MIYAZAKI, Japan (AP) _ After years of research and tests, the Japanese are preparing to build a commercial version of a supertrain that flies inches above a trackway on superconducting magnets at more than 300 miles an hour.

It takes just 30 seconds for it to reach a speed of 180 mph.

Getting the train into service would put the Japanese in the forefront of development of superconductive materials, which carry electricity without any resistance. Scientists around the world are searching for practical uses for recent breakthroughs in superconductivity.

Researchers here at the Miyazaki test center of the Railway Technical Research Institute have already set a world speed record of 321 mph with an experimental version of the train, called ''MAGLEV'' for magnetically levitated vehicle.

A group of visitors recently were given a ride.

Passengers' backs were pressed against the seat, as happens during a jet plane takeoff, as the train accelerated rapidly.

Guided by a magnetic field instead of by rigid rails, the train swayed from side to side, leaving passengers with a sensation similar to being on an airplane buffeted by strong winds.

''We're still operating the magnets at only 93 percent of their capacity,'' explained Hajime Takagi, director of the test center. ''Within two months we hope to raise it to 100 percent, after which the sway definitely won't be a problem.''

Powerful superconducting magnets suspend the train four inches above hundreds of oppositely charged metal coils set in the base of its U-shaped guideway. They also keep the train centered in the guideway and propel it forward, through attraction to electromagnets along the guideway's walls.

Despite their strength, the superconducting magnets only need to be plugged into electricity briefly. Since they have no electrical resistance, current keeps flowing through their coils, creating the powerful magnetic field.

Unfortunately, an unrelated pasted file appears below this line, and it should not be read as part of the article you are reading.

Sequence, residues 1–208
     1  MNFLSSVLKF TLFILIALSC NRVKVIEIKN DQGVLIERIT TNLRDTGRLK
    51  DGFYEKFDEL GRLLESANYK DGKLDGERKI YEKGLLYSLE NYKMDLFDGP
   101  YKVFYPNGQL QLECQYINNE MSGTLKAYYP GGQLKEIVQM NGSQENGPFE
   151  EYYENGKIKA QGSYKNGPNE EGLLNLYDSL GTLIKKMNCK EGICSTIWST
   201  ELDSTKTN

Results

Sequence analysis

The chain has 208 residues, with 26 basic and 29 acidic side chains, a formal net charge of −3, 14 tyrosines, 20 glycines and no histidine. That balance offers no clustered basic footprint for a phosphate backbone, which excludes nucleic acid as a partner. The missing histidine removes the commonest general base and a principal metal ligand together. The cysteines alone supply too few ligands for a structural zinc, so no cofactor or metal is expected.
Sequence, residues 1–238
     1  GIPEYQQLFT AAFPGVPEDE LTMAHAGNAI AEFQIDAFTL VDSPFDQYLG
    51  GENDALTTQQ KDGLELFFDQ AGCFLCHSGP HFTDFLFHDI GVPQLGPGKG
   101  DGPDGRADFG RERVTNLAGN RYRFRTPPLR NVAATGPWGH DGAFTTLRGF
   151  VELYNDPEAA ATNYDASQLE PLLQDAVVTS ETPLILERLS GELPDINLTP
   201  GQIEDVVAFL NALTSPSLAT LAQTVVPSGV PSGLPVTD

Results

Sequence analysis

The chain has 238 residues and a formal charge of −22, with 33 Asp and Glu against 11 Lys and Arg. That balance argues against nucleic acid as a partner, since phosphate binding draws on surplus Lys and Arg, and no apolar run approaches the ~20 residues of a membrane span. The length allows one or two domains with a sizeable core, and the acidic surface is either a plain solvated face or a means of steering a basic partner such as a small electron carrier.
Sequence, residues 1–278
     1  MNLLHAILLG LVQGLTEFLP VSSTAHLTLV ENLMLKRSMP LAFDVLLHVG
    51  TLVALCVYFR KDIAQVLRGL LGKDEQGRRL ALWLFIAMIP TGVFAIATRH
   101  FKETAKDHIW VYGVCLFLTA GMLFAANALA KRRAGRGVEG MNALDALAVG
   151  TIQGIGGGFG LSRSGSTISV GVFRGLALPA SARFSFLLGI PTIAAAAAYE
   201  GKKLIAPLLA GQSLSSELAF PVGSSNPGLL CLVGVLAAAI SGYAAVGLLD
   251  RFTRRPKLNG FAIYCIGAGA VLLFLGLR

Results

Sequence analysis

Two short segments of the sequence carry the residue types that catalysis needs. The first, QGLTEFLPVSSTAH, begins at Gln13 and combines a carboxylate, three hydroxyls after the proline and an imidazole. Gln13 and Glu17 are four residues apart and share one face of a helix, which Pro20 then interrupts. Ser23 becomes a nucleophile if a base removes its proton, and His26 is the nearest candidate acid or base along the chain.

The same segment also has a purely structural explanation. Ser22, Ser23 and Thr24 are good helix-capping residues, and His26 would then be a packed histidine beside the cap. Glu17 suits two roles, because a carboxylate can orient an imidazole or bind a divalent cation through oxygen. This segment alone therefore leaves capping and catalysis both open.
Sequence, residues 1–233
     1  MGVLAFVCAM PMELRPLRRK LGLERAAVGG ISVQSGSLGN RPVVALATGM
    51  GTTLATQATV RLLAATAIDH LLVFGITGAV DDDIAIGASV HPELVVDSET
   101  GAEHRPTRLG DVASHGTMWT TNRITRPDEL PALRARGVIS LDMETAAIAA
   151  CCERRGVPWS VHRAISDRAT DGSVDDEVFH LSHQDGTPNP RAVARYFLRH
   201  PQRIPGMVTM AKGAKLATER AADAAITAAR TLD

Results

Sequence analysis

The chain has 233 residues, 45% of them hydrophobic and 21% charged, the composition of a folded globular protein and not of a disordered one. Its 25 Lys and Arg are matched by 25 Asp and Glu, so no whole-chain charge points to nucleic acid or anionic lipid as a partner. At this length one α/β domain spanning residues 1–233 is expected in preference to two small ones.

Magnetically levitated trains already are in service in Birmingham, England, along a route of less than half a mile between the city's train station and airport. However, the trains go only about 25 miles an hour.

High-speed versions are being developed by Japan Air Lines and by a West German consortium.

Japan was the high-speed railroad leader in developing its Bullet Train that can go 185 mph on standard tracks. France moilways, is the only system that uses superconductivity.

The MAGLEV's stronger superconducting magnets allow it to travel at higher speeds and levitate higher off its guideway, which Takagi says is safer in the event of ground shifts in earthquake-prone Japan.

But developers of other levitated trains, which travel about one-third of an inch above their tracks, say superconducting technology is still too complicated and expensive and not necessary for trains traveling at speeds that are slightly slower.

MAGLEV developers soon are likely to have longer tracks to test their technology. In January, Transport Minister Shintaro Ishihara announced that two new experimental lines will be built, one probably on the northern island of Hokkaido and the other possibly in central Japan.

The government is expected to provide $6.1 million for MAGLEV research in the fiscal year beginning in April. So far, a total of about $350 million has been spent on the system's development, officials say.

Researchers have turned to levitated trains because conventional trains running on tracks are limited to maximum speeds of about 185 mph or lower because their wheels begin to slip on the steel rails when they go faster.

But magnetically levitated trains also are being considered for slower- speed applications because of their low noise and potentially cheaper construction and operating costs. With no heavy undercarriages, the cars can weigh less than conventional trains, and their lack of contact with the road bed drastically reduces track maintenance.

Track construction for both the MAGLEV and Japan Air Lines system, called HSST, should cost less than that for the Bullet Train, officials for the two systems say.

The first commercial HSST system already is under construction in Las Vegas, Nev., and will link the city's downtown area with the ''Strip,'' about 4 1/2 miles away.

New breakthroughs in superconductivity should allow an eventual 30 percent reduction in the weight of the MAGLEV's magnets, researchers say.

Some technological problems remain, but Takagi says the biggest one is the superconducting magnet's effect on passengers' wrist watches.

Takagi said that at its strongest point the magnetic field inside the train measures about one-fourth the strength of a magnetic clasp on a woman's handbag.

But during a recent test run, one passenger's watch stopped for six minutes - exactly the length of the ride.

''There's no magnetic standard for watches, so we're not sure how low we have to reduce the magnetic field to eliminate damage to all watches,'' Takagi said. ''But we definitely plan to do so.''

End Adv Thurs PMs Feb. 11